What’s the best advice Phillip can give other young entrepreneurs? “Don’t be afraid of partnerships; make sure you collaborate, and understand that you have to know what you don’t know. Find partners that can you can stand being around, and if you’re not friends with them then it’s not worth it. Also know that you can’t just put all your friends in the same room and expect to be a successful business. It’s a combination of loving what you do and putting together a balanced team.” He also believes, “Any business that is not a triple-bottom-line business that is fiscally, financially and socially sound is a waste of time. We know as a society that you can’t exploit people and you can’t exploit the environment. You need to be respectful.”
Finally the unofficial start of summer will commence this weekend. While you’re partying and basking in the sun, here are few links to help you enjoy the weekend to the fullest.
- Feed your Bluth addiction.
An Arrested Development Tasting Menu – Hot ham water and Mayoneggs are now real, and kinda fancy
- Get your jam on.
22 Top-Down Jams You Should Blast This Summer
- This. Looks. Amazing.
How To Make Strawberry Margarita Jello Shots
- Don’t look if hungry.
32 Delicious Things To Eat On Memorial Day
- Space without the travel.
This Is What The World Looks Like To An Astronaut On A Cloudless Day
- Interesting how life takes its course.
Do These Identical Twins Look The Same To You?
- SO FREAKY!
Watch Liquid Water Instantly Turn into Ice
- Yuck. These combos…
10 Regrettable Retro Food Recipes
- These will make you laugh.
16 Problems Only Models Face
Born from a concept started in Chicago, Detroit SOUP is a monthly dinner that helps fund micro-grants for creative projects in Detroit. Originally created three years ago with the intention of supporting local artists, founders Kate Daughdrill and Jessica Hernandez have since handed over the reins to Amy Kaherl, who is now Executive Director.
Within six months of their first event, The New York Times wrote an article about art in Detroit, and included SOUP. This helped spark momentum for the initiative and educate the public about the program. But, the press didn’t stop there. Amy says, “We have been very lucky to have been on the ‘Making a Difference’ segment on NBC Nightly News. We also have been featured on NPR’s Tell Me More, O Magazine, Good, The New York Times, and Dwell. I was even named in DBusiness Magazine‘s “30 in Their Thirties” feature in 2012.”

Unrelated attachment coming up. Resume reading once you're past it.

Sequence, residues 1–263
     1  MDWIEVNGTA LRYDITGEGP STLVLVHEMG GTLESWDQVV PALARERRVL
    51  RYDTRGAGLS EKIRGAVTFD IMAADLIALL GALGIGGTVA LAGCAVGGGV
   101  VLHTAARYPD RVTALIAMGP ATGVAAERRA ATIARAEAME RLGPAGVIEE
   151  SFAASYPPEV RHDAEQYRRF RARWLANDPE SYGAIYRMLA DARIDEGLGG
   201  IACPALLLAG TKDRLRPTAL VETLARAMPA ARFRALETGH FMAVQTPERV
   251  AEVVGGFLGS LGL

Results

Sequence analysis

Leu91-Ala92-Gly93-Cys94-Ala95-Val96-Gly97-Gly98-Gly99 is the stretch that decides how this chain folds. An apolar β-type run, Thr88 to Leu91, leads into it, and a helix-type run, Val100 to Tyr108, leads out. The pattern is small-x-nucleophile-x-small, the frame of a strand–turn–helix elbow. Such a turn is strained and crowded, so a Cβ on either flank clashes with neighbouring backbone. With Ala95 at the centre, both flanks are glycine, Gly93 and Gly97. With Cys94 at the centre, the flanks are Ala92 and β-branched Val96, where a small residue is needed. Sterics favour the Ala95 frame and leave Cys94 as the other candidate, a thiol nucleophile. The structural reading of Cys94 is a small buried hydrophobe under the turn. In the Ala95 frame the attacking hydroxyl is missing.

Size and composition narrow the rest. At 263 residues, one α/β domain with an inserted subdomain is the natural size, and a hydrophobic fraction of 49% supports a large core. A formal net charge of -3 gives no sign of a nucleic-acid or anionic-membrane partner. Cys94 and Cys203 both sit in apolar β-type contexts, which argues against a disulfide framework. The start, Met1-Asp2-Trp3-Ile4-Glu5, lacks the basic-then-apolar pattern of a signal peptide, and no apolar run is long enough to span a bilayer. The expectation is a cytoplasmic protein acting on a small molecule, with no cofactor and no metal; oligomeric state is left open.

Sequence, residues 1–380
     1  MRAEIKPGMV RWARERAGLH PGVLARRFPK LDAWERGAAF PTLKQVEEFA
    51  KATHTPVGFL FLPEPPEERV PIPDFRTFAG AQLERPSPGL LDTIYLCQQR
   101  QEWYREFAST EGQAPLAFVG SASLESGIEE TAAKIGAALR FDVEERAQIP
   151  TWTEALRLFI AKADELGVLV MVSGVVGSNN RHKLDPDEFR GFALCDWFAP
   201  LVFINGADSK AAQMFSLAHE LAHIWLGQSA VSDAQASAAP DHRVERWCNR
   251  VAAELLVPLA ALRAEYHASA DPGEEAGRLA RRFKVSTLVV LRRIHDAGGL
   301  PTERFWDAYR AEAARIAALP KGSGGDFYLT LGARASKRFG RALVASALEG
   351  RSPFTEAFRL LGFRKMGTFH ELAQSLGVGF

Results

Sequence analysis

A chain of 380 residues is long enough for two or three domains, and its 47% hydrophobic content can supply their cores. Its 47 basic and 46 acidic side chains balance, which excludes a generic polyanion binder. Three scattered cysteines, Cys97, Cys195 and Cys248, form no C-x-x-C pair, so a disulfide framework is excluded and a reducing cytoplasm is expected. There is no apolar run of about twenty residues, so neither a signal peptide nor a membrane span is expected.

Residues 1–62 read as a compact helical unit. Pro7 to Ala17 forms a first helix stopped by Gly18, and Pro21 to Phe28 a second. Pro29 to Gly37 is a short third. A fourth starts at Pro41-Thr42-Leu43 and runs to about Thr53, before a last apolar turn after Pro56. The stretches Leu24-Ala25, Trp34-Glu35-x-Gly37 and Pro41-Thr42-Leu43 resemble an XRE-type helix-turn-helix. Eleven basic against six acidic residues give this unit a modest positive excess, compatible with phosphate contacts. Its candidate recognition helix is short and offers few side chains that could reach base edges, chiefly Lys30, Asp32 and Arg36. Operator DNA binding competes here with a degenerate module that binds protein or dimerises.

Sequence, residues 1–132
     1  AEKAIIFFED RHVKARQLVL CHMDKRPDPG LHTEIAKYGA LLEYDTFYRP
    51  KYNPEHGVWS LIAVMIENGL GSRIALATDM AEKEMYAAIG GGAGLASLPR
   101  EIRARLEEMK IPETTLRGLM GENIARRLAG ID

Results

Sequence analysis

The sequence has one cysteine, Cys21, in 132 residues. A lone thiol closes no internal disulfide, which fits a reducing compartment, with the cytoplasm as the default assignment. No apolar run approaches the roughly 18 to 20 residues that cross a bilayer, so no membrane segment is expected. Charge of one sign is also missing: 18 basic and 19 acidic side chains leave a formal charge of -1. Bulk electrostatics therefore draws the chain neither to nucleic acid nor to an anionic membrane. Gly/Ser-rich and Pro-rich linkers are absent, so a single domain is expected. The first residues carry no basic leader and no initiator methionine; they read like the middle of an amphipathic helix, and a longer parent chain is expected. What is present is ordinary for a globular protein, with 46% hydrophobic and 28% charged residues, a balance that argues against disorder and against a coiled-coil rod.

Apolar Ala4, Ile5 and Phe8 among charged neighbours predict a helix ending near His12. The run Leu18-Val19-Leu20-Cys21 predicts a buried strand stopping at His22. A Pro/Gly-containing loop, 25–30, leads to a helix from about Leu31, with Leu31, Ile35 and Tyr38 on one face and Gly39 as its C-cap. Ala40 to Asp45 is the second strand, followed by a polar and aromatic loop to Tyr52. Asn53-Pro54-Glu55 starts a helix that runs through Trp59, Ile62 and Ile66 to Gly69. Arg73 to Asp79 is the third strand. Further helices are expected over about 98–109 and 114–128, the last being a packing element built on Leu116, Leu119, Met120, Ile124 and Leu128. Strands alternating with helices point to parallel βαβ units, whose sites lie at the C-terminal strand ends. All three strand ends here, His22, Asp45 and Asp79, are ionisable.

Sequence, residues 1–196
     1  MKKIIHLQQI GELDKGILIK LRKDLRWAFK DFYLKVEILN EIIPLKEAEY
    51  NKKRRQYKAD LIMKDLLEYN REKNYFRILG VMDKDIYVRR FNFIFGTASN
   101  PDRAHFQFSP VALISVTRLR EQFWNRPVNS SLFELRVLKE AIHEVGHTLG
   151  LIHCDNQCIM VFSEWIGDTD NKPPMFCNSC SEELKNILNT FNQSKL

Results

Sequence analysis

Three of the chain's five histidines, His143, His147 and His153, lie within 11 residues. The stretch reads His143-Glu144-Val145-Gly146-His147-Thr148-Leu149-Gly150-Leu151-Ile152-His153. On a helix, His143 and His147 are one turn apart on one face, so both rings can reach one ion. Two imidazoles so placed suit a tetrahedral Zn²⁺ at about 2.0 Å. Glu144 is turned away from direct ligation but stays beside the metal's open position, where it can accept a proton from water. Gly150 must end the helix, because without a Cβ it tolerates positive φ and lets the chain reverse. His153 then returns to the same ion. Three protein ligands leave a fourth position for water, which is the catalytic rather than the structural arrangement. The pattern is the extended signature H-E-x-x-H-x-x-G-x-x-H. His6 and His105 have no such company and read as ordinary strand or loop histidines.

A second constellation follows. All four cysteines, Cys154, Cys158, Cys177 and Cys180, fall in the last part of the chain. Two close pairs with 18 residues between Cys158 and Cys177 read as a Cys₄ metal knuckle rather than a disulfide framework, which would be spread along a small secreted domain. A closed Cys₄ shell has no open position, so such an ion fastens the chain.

Currently, the dinner hosts an average of 225 people with a permanent home in the Jam Handy Building on E. Grand Blvd, just north of Midtown, Detroit.
Did Amy always know that Detroit SOUP would be a success? She confesses, “We always wanted to make sure that people in the neighborhoods had access to the dinner. I am proud of how the dinner has connected to not only residents of Detroit but has been an access point for people who haven’t been in the city for a long time to come back and interact. I like that this art/community engagement project has brought people together and provided access and resources to help and reengage.”
And Detroit SOUP is only continuing to grow, with their move to a “neighborhood-based model.” Amy stresses, “We want to make sure that neighbors are helping neighbors with decision making and supporting the community. My goal is to have at least 10 dinners happening in our neighborhoods. Once they grow I just hope we can sustain the momentum and become a staple in these communities.” It’s an awesome plan with a clearly amazing future.
The best advice Amy can give fellow millennial entrepreneurs: fail. “Don’t avoid things that are painful,” she emphasizes. Why? Because “these are the moments that mold you into who you are.” With what she’s accomplished so far, it’s hard to disagree.
’90s nostalgia has become a staple of Millennial culture, but it wasn’t so simple a time as we might remember. The New Museum has created an exhibit that encapsulates the cultural upheaval that began in the early ‘90s, and invited Scratch to come capture the experience.
“NYC 1993: Experimental Jet Set, Trash and No Star,” showcases the history of a city when it was the center of the world: the changing face of New York, the commodification of cool, the AIDS crisis, the birth of the internet, and more. The dramatic shifts in politics, art, and media became the source material for a number of young artists who came to prominence in 1993.
Curated by Massimiliano Gioni, Associate Director and Director of Exhibitions, Gary Carrion-Murayari, Curator, Jenny Moore, Associate Curator, and Margot Norton, Assistant Curator, the exhibit focuses on New York artists from 20 years ago.